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Parents' comparisons widen sibling differences, study says

Parents' comparisons widen sibling differences, study says


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PROVO — The expectations parents have for their children could make a huge difference when it comes to sibling performance, particularly in academics.

That’s according to a new study out of Brigham Young University that found the way parents compare their children to one another really does shape the differences between brothers and sisters.

“Parents’ beliefs about their children, not just their actual parenting, may influence who their children become,” said study author and BYU professor Alex Jensen in a release.

For the study, published this month in the Journal of Family Psychology, researchers talked to parents of 388 teenagers, specifically about their first- and second-born children. They asked the parents — all of whom live in the northeast — to identify which of their children performed better academically.


While the majority of parents said their oldest child was best in school, in reality, researchers didn’t find much of a difference in grades and test scores.

“A mom or dad may think that oldest sibling is smarter because at any given time they are doing more complicated subjects in school,” said Jensen. “The firstborn likely learned to read first, to write first, and that places the thought in the parents' mind that they are more capable, but when the siblings are teenagers it leads to the siblings becoming more different.”

Interestingly enough, beliefs parents held about the differences in their children influenced their teenagers future grades, researchers said. The child deemed “smarter” performed better in school, while the other sibling fell behind in the next school year.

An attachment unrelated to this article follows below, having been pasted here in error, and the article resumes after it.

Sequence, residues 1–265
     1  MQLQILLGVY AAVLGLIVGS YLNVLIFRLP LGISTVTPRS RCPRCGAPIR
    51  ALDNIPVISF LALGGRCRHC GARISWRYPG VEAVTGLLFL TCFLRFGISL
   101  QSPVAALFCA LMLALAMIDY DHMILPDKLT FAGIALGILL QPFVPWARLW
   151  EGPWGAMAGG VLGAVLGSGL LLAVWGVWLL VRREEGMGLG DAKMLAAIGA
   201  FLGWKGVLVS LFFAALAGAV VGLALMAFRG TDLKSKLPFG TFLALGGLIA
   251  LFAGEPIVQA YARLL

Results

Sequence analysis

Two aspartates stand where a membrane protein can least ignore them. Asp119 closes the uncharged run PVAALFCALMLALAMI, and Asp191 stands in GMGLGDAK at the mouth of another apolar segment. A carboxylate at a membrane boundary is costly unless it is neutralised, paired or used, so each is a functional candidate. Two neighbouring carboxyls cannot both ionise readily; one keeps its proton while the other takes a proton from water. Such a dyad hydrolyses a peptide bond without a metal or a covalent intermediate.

“Ultimately, the sibling who is seen as less smart will tend to do worse in comparison to their sibling,” Jensen said.

Parents' beliefs about their children, not just their actual parenting, may influence who their children become," -Alex Jensen, study author and BYU professor

The beliefs of their parents translated to a GPA difference of .21, according to the study.

“That may not sound like much, but over time those small effects have the potential to turn into siblings who are quite different from one another,” said Jensen.

The only exception to the rule identified by the study: If a firstborn happened to a brother with a younger sister, parents often identified the younger sister as the smarter child.

“Parents also tend to think their daughters are more academically competent than their sons, and at least in terms of grades that seems to be true,” Jensen said.

Researchers said it’s important for parents to watch what they say about their children in front of their children — particularly when it comes to differences.

“To help all children succeed, parents should focus on recognizing the strengths of each of their children and be careful about vocally making comparisons in front of them," researchers say.

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Jessica Ivins


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